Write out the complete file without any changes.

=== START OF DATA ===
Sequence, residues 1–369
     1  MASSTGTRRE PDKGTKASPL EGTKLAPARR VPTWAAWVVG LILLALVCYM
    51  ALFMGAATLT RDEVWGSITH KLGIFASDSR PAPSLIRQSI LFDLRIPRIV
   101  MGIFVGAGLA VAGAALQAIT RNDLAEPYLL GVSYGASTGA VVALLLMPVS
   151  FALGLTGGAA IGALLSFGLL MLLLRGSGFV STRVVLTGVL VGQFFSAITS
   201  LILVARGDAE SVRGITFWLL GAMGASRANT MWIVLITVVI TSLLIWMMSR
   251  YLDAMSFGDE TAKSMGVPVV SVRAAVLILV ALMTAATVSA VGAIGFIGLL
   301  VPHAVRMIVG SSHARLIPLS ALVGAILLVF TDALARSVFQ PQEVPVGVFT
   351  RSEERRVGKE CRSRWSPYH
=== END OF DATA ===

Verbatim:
Sequence, residues 1–369
     1  MASSTGTRRE PDKGTKASPL EGTKLAPARR VPTWAAWVVG LILLALVCYM
    51  ALFMGAATLT RDEVWGSITH KLGIFASDSR PAPSLIRQSI LFDLRIPRIV
   101  MGIFVGAGLA VAGAALQAIT RNDLAEPYLL GVSYGASTGA VVALLLMPVS
   151  FALGLTGGAA IGALLSFGLL MLLLRGSGFV STRVVLTGVL VGQFFSAITS
   201  LILVARGDAE SVRGITFWLL GAMGASRANT MWIVLITVVI TSLLIWMMSR
   251  YLDAMSFGDE TAKSMGVPVV SVRAAVLILV ALMTAATVSA VGAIGFIGLL
   301  VPHAVRMIVG SSHARLIPLS ALVGAILLVF TDALARSVFQ PQEVPVGVFT
   351  RSEERRVGKE CRSRWSPYH